True Confessions of an Interim

Jun 6, 2024

By The Rev. Dr. Carl Grosse

Once I was in a congregational meeting at a large church where they were discussing significant plans for their future. The church had just completed a year-long assessment led by researchers at McKinsey who were developing a new non-profit consulting portfolio. This church was a guinea pig, so the fees were far less than normal. The consultants had finished their work and submitted their recommendations, and now the congregational leaders were seeking feedback on the draft of their “Next Church” plan. 

Most of the questions were routine: “How will this bring in more young people?”, “What’s going to happen to our mission initiatives?”, “Other churches are doing [fill in the blank], why aren’t we?”, and so on. There were financial concerns, facility concerns, all very familiar. One of the people at our table must have seen me scrunch my face or something, and she asked if I cared about all this. I apologized and assured her that I did care. Since I wasn’t a member, I could only listen and I wasn’t hearing anything that really addressed the question of direction. These were all operational issues with no clear purpose other than keeping the organization going. Then she asked me what question I would submit if I were a member, and I thought for a few seconds and told her.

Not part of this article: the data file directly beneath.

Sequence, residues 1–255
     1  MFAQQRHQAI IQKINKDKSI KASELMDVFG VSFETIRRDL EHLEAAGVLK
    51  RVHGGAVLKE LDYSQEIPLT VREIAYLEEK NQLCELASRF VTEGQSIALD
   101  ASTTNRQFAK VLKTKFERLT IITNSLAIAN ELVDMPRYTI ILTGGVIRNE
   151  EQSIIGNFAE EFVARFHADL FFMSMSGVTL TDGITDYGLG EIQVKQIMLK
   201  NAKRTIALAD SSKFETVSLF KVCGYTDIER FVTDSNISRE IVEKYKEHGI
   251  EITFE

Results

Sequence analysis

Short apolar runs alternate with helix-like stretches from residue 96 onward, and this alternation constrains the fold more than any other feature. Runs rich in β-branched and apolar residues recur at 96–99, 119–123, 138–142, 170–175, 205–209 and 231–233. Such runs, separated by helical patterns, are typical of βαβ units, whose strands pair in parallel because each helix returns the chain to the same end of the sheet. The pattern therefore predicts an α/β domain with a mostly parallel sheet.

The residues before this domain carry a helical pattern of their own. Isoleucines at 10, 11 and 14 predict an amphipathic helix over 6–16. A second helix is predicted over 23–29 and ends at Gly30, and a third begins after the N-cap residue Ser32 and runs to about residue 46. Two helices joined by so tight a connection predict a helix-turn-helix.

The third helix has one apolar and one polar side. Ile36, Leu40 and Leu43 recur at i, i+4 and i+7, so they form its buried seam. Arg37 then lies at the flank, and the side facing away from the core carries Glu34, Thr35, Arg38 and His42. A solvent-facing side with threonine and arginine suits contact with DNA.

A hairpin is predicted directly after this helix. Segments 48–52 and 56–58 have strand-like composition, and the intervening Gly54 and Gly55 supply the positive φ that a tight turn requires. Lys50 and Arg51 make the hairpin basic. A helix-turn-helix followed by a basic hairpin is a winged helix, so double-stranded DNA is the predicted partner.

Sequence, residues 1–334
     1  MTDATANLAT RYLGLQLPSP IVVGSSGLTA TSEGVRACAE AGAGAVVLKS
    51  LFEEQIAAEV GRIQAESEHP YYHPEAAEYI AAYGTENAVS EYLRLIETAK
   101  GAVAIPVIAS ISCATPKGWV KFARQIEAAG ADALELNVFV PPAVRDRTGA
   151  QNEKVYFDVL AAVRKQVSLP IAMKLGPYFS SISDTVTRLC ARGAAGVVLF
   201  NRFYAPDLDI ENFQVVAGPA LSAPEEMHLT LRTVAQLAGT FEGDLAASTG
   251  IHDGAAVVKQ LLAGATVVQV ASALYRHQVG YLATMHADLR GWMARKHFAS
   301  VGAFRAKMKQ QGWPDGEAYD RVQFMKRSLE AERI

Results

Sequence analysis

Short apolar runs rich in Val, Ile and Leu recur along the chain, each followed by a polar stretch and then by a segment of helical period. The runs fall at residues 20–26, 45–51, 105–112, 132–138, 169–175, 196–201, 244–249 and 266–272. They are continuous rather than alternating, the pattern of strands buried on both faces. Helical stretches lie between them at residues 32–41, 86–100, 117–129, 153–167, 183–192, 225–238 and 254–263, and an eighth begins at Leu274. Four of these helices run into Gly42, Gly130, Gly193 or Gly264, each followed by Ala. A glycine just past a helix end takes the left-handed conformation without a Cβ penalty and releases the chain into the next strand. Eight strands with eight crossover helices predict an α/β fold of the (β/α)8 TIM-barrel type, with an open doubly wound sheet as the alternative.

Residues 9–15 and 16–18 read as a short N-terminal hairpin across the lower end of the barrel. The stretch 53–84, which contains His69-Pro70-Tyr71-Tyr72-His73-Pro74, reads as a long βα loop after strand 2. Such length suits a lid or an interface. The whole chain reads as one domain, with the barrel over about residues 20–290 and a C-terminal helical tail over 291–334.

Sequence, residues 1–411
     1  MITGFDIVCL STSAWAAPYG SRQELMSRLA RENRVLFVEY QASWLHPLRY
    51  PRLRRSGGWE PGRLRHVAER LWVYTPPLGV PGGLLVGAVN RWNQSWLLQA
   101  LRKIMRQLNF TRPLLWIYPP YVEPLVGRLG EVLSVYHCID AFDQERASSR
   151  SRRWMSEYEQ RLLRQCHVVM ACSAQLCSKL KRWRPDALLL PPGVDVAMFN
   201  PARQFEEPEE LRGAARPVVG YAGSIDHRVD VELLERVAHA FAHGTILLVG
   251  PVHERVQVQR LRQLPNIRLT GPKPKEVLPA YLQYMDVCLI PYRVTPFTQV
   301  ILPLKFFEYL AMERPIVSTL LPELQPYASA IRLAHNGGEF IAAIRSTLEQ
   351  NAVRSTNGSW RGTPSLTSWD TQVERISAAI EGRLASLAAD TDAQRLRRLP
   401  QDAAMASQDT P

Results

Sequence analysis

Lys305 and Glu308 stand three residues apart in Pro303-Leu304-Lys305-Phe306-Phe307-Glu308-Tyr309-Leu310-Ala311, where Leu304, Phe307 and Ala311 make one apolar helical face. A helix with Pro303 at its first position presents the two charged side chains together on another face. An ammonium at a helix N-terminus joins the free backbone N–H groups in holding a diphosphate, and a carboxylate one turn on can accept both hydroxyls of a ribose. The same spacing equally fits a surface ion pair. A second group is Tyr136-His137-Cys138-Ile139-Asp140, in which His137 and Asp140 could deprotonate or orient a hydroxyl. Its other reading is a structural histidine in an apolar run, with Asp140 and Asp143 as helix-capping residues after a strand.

She raised her hand and asked, “Where do you see the Holy Spirit moving in the world in a way that we in this congregation should jump in?” The question briefly caught the senior pastor off guard, but he recovered and said, “Thank you for asking that! It’s a question all of us should ask of ourselves, but I’ll give you my own answer,” which he proceeded to do. 

The congregation is still going, smaller than it was then and all the staff is different now. In my opinion, the consultants provided valuable insights and the leadership had some good ideas, most of which were ignored. One of the questions from that experience still challenges me: how do we as The Church clarify the Purpose? Anyone can trot out a verse or two, come up with a catchy slogan, and market the heck out of it. We can identify social, political, demographic, and all other sorts of trends and claim God is here or there. But how do we know where the Holy Spirit is moving, calling us to jump in?